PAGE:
With so much movement on the O-line, Austin Blythe has become almost a side-note of a signing for the Chiefs. One time the heir apparent to be snapping to Mahomes, could that role fall to a rookie? The need for starting the season as a cohesive unit is further complicated by the rookies, Niang (2020 opt-out), Smith, and Humphrey need to absorb a complex offensive scheme if they are to compete for a starting role or be needed in case of injury. This being a positional group the Chiefs are well aware of the cost of injuries.
Speaking of injuries to the O-line, the Chiefs couldn’t even escape OTAs without losing a lineman as Kyle Long’s injury will clearly be problematic well into the regular season. This group and its ability to come together quickly as a cohesive unit to protect PM15 will be one of the biggest factors in the Chiefs’ success this season. If we learned anything last season, if this group fails to deliver, the Chiefs will hit a brick wall that will end any hope of hoisting a banner.
Next up, Bashaud Breeland and Sammy Watkins found new homes for a new season. Two veterans whose absence could prove problematic. The Chiefs do not win Super Bowl LIV without their contributions and now both have moved on with no real concern from the Chiefs front office. It seemed quite clear moving into the off-season that Sammy was not returning to the Chiefs, but the surprising part is that the Chiefs do not appear to have a true #2 receiver waiting to take over that role.
Hardman and Pringle have an opportunity, but as of today are they in that role on any other NFL team? A camp injury could relegate the receiving corps from a strength to a weakness. Speaking of weakness, how will the CBs fair minus a sometimes frustrating, yet competent Breeland? Clearly, he was affordable, yet the front office appeared to have zero interest in his veteran presence in the secondary.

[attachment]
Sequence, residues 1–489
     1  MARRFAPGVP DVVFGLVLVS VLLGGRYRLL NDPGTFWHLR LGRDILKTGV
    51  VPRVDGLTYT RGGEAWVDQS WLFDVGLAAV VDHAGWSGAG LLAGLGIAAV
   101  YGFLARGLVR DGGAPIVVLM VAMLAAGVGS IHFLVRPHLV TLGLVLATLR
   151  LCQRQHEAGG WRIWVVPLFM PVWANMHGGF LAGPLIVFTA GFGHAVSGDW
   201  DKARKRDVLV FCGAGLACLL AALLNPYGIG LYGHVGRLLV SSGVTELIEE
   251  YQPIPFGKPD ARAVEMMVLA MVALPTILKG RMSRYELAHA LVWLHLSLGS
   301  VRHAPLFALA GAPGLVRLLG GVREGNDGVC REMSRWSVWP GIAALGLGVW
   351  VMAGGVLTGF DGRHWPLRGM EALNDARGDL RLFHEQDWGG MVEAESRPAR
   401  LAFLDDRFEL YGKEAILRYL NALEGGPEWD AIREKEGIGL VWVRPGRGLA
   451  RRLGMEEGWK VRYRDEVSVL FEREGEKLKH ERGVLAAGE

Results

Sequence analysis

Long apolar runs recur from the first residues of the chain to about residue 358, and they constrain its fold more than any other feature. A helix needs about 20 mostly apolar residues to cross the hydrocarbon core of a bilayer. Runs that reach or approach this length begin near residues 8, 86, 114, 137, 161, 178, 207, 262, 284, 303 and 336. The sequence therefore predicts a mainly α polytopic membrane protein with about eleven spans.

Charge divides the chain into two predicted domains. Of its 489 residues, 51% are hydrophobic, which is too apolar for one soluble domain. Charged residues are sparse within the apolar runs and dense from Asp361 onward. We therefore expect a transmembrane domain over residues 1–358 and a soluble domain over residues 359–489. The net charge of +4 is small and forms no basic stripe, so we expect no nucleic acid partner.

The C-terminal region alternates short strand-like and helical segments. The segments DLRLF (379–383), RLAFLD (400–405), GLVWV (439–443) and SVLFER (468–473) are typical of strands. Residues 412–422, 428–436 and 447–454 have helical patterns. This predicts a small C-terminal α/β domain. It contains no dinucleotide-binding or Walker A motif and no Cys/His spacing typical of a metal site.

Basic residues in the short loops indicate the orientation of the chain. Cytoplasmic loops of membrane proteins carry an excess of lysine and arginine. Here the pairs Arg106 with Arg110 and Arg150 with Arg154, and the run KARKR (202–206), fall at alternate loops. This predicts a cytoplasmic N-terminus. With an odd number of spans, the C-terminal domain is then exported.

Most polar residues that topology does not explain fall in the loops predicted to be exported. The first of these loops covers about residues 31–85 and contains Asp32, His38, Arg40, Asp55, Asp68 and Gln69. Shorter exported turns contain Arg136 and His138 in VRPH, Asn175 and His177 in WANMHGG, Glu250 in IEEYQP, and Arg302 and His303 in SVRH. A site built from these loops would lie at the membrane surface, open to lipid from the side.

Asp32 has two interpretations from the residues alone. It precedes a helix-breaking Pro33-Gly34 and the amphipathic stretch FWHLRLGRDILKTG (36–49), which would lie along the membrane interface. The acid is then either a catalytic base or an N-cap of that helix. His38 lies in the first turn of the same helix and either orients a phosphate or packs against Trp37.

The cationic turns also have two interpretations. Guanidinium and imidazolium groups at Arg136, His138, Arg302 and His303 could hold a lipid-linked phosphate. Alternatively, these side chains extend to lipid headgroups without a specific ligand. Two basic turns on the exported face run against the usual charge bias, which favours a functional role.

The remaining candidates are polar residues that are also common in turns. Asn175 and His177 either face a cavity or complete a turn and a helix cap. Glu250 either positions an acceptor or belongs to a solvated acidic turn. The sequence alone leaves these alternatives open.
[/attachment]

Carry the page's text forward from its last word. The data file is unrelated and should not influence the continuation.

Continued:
Cornerback, and the Chiefs approach to the position, has been a most interesting case study over the years. It appears, season after season, that the Chiefs are not interested in really investing in the group. Resigned to over-the-hill free agents or washed-up veterans (Scandrick was the worst). This season will see Ward line-up next to the 2nd year draft steal Sneed.
Beyond that, the group falls off quickly. We experienced a very brief flash from DeAndre Baker before his injury and then we have the likes of Hughes, Fenton, and Keyes. This is another group that needs to make it to week #1 as healthy as they are today or any pass rush concerns will be even more problematic.
Honorable mention of the pre-camp concern is Tyrann Mathieu and the lack of a contract extension. The Honey Badger is as motivated as they come on game day, which, among other reasons is why I had hoped to see this deal get done by now. He deserves the extension and he needs to retire a Chief. I am not sure there was a player that willed the Chiefs to a Super Bowl victory more than Mathieu.
The sheer force of his commitment to this team and playing football is as rare as PM15. He has stated publicly that he can’t see wearing another uniform and the Chiefs clearly wish to keep him. Why not get this taken care of and have one less issue to contend with? Obviously, the cap after the Covid season was a concern, but Veach is the master of all things cap space, he needs to be signed to an extension.
The off-season decisions made by a team have far-reaching consequences to where a team ends up in January. Brett Veach made moves and every player that became available left us wondering if Veach would grab them too. As camp starts leading up to Week #1 and beyond we will see what those moves and of equal (if not more so) importance moves that weren’t made will mean for the quest to return to a third consecutive Super Bowl.